ZCEA can’t believe acquittal of Twin Palm School murder accused

THE Zambia Civic Education Association says it has received the news of the acquittal of the four Twin Palm Secondary School pupils accused of killing their fellow pupil from Kabulonga Boys Secondary School due to insufficient evidence with utter disbelief.

“What is this lack of sufficient evidence attributed to? Is it careless investigations by the police? How can there be lack of sufficient evidence when the dead body and the grave of Ryan Phiri are there? Was the blunt impact trauma due to assault as testified by the arresting police officer during trial self-inflicted? What happens now?” ZCEA executive director Judith Mulenga asked. “Will the investigation continue so as sufficient evidence is collected enough to bring culprits to book? What about closure by Ryan’s family? Isn’t justice served supposed to help in such matters?”

Mulenga said juvenile justice was not about juvenile offenders going scot free especially when they commit a felony.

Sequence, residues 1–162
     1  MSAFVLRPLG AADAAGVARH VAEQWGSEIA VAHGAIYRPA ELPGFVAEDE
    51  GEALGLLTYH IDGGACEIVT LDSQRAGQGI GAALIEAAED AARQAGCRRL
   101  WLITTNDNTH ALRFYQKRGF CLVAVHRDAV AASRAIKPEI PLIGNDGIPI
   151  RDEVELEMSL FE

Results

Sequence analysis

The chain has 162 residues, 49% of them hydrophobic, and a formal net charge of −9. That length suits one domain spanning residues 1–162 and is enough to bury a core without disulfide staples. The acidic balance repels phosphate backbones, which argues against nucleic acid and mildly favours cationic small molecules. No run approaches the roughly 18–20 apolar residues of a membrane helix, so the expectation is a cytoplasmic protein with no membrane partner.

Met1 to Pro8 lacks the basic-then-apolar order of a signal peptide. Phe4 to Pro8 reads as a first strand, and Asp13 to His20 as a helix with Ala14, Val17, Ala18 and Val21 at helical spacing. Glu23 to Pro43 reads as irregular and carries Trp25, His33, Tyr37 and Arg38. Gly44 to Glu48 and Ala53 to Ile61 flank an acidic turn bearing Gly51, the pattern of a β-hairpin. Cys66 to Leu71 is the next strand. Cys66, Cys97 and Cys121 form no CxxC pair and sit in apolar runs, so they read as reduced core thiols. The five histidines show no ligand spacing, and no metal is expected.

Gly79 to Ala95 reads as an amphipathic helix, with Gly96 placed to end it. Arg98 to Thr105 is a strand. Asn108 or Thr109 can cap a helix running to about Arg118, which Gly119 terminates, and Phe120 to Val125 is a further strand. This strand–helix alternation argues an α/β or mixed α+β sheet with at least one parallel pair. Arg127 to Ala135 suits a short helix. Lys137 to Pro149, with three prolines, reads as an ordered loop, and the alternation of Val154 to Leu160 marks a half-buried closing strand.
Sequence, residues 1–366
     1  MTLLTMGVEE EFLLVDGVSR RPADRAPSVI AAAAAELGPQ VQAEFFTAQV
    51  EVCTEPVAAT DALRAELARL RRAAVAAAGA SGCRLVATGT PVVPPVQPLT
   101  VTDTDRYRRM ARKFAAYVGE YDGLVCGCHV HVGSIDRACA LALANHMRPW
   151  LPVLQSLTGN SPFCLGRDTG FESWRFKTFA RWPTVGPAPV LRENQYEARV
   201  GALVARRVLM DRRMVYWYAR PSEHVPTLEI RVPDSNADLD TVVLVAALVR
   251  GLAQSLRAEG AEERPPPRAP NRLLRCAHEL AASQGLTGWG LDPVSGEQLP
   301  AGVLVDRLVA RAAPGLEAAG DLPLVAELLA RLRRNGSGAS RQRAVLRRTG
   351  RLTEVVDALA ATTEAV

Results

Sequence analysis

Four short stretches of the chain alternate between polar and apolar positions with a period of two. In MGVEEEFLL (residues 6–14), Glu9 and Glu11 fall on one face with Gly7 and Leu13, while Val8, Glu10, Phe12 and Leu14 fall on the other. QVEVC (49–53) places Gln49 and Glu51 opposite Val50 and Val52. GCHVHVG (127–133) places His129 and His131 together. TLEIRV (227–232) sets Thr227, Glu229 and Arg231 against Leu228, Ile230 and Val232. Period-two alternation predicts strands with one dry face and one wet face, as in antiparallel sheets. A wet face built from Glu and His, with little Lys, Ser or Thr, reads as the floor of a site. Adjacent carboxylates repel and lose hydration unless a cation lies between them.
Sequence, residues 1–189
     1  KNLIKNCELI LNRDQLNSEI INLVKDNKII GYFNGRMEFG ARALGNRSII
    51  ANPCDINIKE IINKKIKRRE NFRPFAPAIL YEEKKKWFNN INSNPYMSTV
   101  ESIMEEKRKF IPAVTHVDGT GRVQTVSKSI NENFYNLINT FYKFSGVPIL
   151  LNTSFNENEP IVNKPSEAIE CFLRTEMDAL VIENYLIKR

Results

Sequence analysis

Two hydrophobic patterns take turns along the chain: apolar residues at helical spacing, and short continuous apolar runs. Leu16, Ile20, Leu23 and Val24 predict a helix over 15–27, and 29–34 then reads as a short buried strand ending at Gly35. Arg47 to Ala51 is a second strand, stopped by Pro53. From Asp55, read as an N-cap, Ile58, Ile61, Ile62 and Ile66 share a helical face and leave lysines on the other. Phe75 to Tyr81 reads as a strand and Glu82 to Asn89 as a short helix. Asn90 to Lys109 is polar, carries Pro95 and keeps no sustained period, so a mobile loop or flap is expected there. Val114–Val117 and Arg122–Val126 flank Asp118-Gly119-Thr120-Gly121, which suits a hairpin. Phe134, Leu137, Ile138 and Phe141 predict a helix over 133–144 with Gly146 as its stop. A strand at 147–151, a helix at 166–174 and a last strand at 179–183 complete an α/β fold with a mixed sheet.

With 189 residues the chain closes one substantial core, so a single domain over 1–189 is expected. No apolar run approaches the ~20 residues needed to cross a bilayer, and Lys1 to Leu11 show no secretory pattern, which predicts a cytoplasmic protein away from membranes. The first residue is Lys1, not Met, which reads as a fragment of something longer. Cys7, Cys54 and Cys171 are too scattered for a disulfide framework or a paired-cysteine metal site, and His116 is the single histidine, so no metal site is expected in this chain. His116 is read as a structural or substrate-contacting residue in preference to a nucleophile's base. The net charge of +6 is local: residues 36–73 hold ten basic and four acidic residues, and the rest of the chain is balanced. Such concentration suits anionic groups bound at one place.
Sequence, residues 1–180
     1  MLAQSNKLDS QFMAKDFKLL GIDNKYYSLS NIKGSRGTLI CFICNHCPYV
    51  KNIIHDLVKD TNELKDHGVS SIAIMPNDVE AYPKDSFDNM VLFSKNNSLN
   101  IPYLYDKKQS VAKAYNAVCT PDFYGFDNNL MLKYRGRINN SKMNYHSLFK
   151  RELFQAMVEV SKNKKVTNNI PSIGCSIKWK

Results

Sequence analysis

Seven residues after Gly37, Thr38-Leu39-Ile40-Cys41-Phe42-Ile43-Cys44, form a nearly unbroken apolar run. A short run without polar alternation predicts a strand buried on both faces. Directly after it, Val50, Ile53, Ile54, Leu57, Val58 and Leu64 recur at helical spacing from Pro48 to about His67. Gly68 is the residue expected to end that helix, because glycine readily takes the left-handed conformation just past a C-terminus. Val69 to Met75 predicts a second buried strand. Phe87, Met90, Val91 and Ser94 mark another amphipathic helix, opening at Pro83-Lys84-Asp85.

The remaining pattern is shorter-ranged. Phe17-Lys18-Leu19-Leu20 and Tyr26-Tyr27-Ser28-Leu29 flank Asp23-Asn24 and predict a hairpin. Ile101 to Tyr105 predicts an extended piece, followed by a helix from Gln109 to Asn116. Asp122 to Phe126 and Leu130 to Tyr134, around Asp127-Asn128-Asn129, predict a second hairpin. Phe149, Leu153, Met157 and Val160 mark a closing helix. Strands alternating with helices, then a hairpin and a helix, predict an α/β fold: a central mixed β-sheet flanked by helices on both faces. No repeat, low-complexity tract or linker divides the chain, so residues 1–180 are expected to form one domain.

She said granted the minimum age for criminal responsibility was currently ridiculously low at eight years in Zambia but the juveniles who assaulted Ryan to death were teenagers, pre-adults, that beat another teenager to death.

“They didn’t just push him during an argument and he fell on something that killed him but they had such sufficient violent streaks in them to sustain violent attacks on other human beings without any compunction, go home, have supper, sleep and next day report to school as if nothing had happened?” she said.

Mulenga said though juvenile justice principles demand for deprivation of liberty being the last resort, dealing with juveniles in conflict with the law away from the judicial proceedings and the best interest of the juveniles alleged, accused of or recognised as having infringed the penal law, “these principles weigh not only the age and maturity of the juveniles but also the seriousness of the alleged crime”.

She said further juvenile justice demands that the measures applied should reinforce the child’s respect for human rights and freedoms of others.